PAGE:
Skip to main content

Thank you for visiting You are using a browser version with limited support for CSS. To obtain the best experience, we recommend you use a more up to date browser (or turn off compatibility mode in Internet Explorer). In the meantime, to ensure continued support, we are displaying the site without styles and JavaScript.

  • Article
  • Published:

GABAergic mechanisms regulated by miR-33 encode state-dependent fear


Fear-inducing memories can be state dependent, meaning that they can best be retrieved if the brain states at encoding and retrieval are similar. Restricted access to such memories can present a risk for psychiatric disorders and hamper their treatment. To better understand the mechanisms underlying state-dependent fear, we used a mouse model of contextual fear conditioning. We found that heightened activity of hippocampal extrasynaptic GABAA receptors, believed to impair fear and memory, actually enabled their state-dependent encoding and retrieval. This effect required protein kinase C-βII and was influenced by miR-33, a microRNA that regulates several GABA-related proteins. In the extended hippocampal circuit, extrasynaptic GABAA receptors promoted subcortical, but impaired cortical, activation during memory encoding of context fear. Moreover, suppression of retrosplenial cortical activity, which normally impairs retrieval, had an enhancing effect on the retrieval of state-dependent fear. These mechanisms can serve as treatment targets for managing access to state-dependent memories of stressful experiences.

This is a preview of subscription content, access via your institution

Access options

Buy this article

Prices may be subject to local taxes which are calculated during checkout

Figure 1: Activation of extrasynaptic GABAA receptors by i.h. injection of gaboxadol induces state-dependent contextual fear.
Figure 2: Expression of gaboxadol-induced state-dependent fear requires PKCβII signaling.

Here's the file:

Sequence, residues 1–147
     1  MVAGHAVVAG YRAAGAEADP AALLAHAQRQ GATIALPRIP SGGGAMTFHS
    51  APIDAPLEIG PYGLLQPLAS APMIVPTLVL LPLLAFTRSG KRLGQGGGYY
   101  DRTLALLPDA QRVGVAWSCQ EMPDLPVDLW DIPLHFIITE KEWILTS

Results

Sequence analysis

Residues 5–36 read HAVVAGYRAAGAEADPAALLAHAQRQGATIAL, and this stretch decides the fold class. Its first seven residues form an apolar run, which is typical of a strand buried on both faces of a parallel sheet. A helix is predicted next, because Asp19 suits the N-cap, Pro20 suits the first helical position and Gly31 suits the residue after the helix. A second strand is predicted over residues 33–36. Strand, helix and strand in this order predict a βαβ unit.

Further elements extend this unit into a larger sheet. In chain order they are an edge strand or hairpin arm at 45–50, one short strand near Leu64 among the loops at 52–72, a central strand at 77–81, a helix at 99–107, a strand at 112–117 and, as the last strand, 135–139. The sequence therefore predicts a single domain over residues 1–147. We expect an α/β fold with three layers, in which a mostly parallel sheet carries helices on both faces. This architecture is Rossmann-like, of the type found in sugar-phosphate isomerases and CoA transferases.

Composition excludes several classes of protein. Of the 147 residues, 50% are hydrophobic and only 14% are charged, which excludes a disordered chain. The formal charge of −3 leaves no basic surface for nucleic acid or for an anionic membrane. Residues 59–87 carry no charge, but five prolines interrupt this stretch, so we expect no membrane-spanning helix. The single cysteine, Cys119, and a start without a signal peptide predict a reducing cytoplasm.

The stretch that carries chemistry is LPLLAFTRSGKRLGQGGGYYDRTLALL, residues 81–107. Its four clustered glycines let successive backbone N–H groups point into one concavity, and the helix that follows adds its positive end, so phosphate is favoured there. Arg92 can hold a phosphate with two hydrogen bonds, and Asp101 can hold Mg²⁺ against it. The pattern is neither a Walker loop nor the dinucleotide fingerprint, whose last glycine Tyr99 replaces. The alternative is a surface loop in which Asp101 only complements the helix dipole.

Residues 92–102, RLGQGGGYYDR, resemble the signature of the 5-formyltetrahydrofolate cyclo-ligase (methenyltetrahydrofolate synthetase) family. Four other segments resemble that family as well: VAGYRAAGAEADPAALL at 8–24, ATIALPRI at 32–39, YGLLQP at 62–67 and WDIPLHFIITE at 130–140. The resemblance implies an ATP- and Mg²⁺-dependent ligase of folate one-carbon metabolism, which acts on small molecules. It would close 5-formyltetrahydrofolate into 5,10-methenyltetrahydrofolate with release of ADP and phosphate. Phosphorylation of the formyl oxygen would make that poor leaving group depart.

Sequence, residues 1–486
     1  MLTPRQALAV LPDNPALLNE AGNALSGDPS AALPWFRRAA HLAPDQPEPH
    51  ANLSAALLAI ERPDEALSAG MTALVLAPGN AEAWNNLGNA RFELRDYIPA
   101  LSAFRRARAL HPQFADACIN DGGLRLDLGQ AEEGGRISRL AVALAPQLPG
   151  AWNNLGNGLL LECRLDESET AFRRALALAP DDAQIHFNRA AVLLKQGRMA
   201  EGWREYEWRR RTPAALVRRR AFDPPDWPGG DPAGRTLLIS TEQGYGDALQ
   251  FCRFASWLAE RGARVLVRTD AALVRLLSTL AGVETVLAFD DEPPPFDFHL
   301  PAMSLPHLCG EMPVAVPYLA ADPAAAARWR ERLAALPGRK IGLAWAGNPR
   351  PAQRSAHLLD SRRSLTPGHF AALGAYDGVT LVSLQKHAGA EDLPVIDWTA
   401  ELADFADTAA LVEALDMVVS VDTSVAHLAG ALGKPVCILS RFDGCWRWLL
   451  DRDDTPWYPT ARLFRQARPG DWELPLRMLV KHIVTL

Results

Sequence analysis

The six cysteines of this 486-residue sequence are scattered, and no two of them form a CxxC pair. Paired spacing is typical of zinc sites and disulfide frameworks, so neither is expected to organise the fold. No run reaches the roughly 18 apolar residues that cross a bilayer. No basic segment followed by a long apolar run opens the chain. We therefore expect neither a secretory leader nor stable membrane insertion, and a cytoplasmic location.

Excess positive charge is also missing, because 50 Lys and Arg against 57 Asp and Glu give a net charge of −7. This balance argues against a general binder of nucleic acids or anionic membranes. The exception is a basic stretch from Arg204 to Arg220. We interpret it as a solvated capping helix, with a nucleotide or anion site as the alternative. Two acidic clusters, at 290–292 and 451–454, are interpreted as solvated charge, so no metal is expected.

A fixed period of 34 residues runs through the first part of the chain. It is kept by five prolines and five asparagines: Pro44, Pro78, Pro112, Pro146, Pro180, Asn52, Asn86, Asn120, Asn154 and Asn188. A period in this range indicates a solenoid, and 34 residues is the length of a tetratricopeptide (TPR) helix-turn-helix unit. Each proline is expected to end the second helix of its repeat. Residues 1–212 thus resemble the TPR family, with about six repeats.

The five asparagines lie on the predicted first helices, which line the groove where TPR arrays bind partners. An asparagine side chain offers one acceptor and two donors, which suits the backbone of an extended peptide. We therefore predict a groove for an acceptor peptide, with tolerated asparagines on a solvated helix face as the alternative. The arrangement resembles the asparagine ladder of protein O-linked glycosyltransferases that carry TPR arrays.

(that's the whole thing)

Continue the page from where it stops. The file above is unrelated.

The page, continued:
Figure 3: miR-33 is downregulated in response to gaboxadol and modulates its effects on state-dependent fear.
Figure 4: Manipulations of miR-33 alter expression of several GABA-related proteins.
Figure 5: Gaboxadol modulates EGR-1 responses in the hippocampus and its subcortical and cortical projections.
Figure 6: Photomicrographs illustrating the effect of gaboxadol on EGR-1 responses in the hippocampus and its subcortical and cortical projections.
Figure 7: Inactivation of RSC at memory retrieval enhances state-dependent fear.

Similar content being viewed by others


  1. Pompilio, L., Kacelnik, A. & Behmer, S.T. State-dependent learned valuation drives choice in an invertebrate. Science 311, 1613–1615 (2006).

    CAS  PubMed  Google Scholar 

  2. Reus, V.I., Weingartner, H. & Post, R.M. Clinical implications of state-dependent learning. Am. J. Psychiatry 136, 927–931 (1979).

    CAS  PubMed  Google Scholar 

  3. Silberman, E.K., Putnam, F.W., Weingartner, H., Braun, B.G. & Post, R.M. Dissociative states in multiple personality disorder: a quantitative study. Psychiatry Res. 15, 253–260 (1985).

    CAS  PubMed  Google Scholar 

  4. Spiegel, D., Hunt, T. & Dondershine, H.E. Dissociation and hypnotizability in posttraumatic stress disorder. Am. J. Psychiatry 145, 301–305 (1988).

    CAS  PubMed  Google Scholar 

  5. Overton, D.A. Historical context of state-dependent learning and discriminative drug effects. Behav. Pharmacol. 2, 253–264 (1991).

    PubMed  Google Scholar 

  6. Piri, M., Rostampour, M., Nasehi, M. & Zarrindast, M.R. Blockade of the dorsal hippocampal dopamine D1 receptors inhibits the scopolamine-induced state-dependent learning in rats. Neuroscience 252, 460–467 (2013).

    CAS  PubMed  Google Scholar 

  7. Möhler, H. Molecular regulation of cognitive functions and developmental plasticity: impact of GABAA receptors. J. Neurochem. 102, 1–12 (2007).

    PubMed  Google Scholar 

  8. Stein, L. & Berger, B.D. Paradoxical fear-increasing effects of tranquilizers: evidence of repression of memory in the rat. Science 166, 253–256 (1969).

    CAS  PubMed  Google Scholar 

  9. Jacob, T.C., Moss, S.J. & Jurd, R. GABA(A) receptor trafficking and its role in the dynamic modulation of neuronal inhibition. Nat. Rev. Neurosci. 9, 331–343 (2008).

    CAS  PubMed  PubMed Central  Google Scholar 

  10. Mortensen, M., Patel, B. & Smart, T.G. GABA potency at GABA(A) receptors found in synaptic and extrasynaptic zones. Front. Cell. Neurosci. 6, 1 (2011).

    PubMed  Google Scholar 

  11. Chandra, D. et al. GABAA receptor alpha 4 subunits mediate extrasynaptic inhibition in thalamus and dentate gyrus and the action of gaboxadol. Proc. Natl. Acad. Sci. USA 103, 15230–15235 (2006).

    CAS  PubMed  PubMed Central  Google Scholar 

  12. Blanchard, R.J. & Blanchard, D.C. Crouching as an index of fear. J. Comp. Physiol. Psychol. 67, 370–375 (1969).

    CAS  PubMed  Google Scholar 

  13. Kim, J.J. & Fanselow, M.S. Modality-specific retrograde amnesia of fear. Science 256, 675–677 (1992).

    CAS  PubMed  Google Scholar 

  14. Phillips, R.G. & LeDoux, J.E. Differential contribution of amygdala and hippocampus to cued and contextual fear conditioning. Behav. Neurosci. 106, 274–285 (1992).

    CAS  PubMed  Google Scholar 

  15. Song, M. & Messing, R.O. Protein kinase C regulation of GABAA receptors. Cell. Mol. Life Sci. 62, 119–127 (2005).